Tag Archives | alternative fuel

Future Planes Will Burn Sawdust & Straw

Airbus A380 blue skySounds too good to be true, but apparently this is a real possibility. From Reuters:

Passenger jets could be chomping on straw or flying on fuel extracted from sawdust in coming years as the search widens for cleaner alternatives to kerosene, French scientists say.

The “ProBio3″ project, started in early July and co-financed by a French government economic stimulus program, aims to use traditional horse-bedding materials to develop a new kind of biofuel that can be used in a 50/50 blend alongside kerosene.

“Tomorrow, planes will fly using agricultural and forest waste,” said Carole Molina-Jouve, a professor at Toulouse’s National Institute of Applied Sciences (Insa), who is coordinating the ProBio3 project.

“We already know how to set up a basic production line but we must move towards an industrial line,” she said. “We need to translate what is done in laboratories to the real environment while improving its profitability and efficiency.”…

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Yesterday’s News Could Be Tomorrow’s Fuel

800px-World_newspapers_Everyday millions of newspapers are read and then throw out or, hopefully, recycled. Instead of turning those papers into other paper products, they may be able to be used for fuel. Via Discovery News:

Tulane University scientists discovered a strain of clostridia bacteria, dubbed “TU-103,” that can devour old newspapers to produce butanol, a substitute for gasoline.

Old editions of the Times Picayune, New Orleans’ daily newspaper, have been successfully used by the researchers to produce butanol from the cellulose in the paper. Cellulose is a structural material in plants.

TU-103 is the first bacterial strain found in nature (not genetically engineered) to produce butanol directly from cellulose. It is also the only strain yet found that can grow in the presence of oxygen. Keeping bacterial fermentation chambers air tight makes other strains more expensive to work with.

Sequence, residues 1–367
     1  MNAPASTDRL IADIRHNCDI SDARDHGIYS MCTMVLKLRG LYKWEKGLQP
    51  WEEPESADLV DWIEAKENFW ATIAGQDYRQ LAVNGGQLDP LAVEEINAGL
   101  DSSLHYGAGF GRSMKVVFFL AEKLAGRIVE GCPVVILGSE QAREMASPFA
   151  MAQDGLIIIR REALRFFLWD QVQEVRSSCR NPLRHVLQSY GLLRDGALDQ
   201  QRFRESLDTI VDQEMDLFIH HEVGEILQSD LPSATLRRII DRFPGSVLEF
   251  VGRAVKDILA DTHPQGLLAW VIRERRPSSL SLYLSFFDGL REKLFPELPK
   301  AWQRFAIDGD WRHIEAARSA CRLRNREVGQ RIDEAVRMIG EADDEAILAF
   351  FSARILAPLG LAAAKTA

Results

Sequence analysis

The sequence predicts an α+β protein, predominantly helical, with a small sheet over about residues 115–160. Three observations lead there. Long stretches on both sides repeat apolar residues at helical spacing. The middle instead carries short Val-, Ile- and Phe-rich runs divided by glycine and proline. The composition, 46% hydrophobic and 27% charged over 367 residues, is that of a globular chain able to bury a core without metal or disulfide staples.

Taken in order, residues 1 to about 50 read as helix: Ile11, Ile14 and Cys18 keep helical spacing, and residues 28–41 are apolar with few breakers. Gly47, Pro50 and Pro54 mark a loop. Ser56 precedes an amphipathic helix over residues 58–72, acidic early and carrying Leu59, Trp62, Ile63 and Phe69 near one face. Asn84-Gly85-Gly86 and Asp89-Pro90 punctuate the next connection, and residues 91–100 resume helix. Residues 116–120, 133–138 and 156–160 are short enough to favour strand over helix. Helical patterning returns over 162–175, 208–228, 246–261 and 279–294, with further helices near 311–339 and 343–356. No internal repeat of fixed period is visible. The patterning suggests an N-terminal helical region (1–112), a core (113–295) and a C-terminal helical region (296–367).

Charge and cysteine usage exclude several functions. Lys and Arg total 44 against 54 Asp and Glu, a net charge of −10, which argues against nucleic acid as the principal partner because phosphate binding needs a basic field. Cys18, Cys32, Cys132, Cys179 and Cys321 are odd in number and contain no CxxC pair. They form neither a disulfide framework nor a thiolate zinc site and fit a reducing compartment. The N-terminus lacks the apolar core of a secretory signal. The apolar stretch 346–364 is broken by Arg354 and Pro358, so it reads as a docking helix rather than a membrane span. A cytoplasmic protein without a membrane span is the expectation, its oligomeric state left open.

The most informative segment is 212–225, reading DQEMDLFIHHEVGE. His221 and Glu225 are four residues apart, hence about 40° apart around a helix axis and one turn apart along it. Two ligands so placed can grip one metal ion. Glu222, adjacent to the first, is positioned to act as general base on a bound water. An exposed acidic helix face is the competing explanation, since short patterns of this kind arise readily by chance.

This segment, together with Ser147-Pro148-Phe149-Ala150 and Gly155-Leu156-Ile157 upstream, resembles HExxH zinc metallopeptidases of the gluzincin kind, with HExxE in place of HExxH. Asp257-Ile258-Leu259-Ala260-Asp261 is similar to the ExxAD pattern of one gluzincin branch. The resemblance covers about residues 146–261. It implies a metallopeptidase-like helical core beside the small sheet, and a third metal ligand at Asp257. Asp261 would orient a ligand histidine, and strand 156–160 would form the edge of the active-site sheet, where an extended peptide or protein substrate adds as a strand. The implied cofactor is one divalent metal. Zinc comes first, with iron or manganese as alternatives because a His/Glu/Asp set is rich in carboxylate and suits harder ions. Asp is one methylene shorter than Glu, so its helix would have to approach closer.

“This discovery could reduce the cost to produce bio-butanol,” said David Mullin, who’s lab discovered the bacterial strain, in a Tulane press release.

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German Inventor Saves Fuel By Flying A Kite

SkySail kite being demonstrated at promotional event. Photo: Ursula Horn (CC)

SkySail kite being demonstrated at promotional event. Photo: Ursula Horn (CC)

SkySails has invented a method that could cut down on ‘fuel consumption, costs and carbon footprints’ for commercial ships by developing giant kites. The Raw Story reports:

The blue-hulled vessel would slip by unnoticed on most seas if not for the white kite, high above her prow, towing her to what its creators hope will be a bright, wind-efficient future.

The enormous kite, which looks like a paraglider, works in tandem with the ship’s engines, cutting back on fuel consumption, costs, and carbon footprint.

“Using kites you can harness more energy than with any other type of wind-powered equipment,” said German inventor Stephan Wrage, whose company SkySails is looking for lift-off on the back of worldwide efforts to boost renewable energy.

The 160-square-metre (524-square-foot) kite, tethered to a yellow rope, can sail 500 metres into the skies where winds are both stronger and more stable, according to the 38-year-old Wrage.

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Plant Enzyme To Power Exhaust-Powered Cars

SoybeanFrom Discovery News:

An enzyme found in the roots of soybeans could be the key to cars that run on air.

Vanadium nitrogenase, an enzyme that normally produces ammonia from nitrogen gas, can also convert carbon monoxide (CO), a common industrial byproduct, into propane, the blue-flamed gas found on stoves across America.

While scientists caution the research is still at an early stage, they say that this study could eventually lead to new, environmentally friendly ways to produce fuel — and eventually gasoline — from thin air.

“This organism is a very common soil bacteria that is very well understood and has been studied for a long time,” said Markus Ribbe, a scientist at the University of California, Irvine, and a co-author of the new paper that appears in the journal Science.

“But while we were studying it, we realized that the enzyme has some unusual behavior,” he added.

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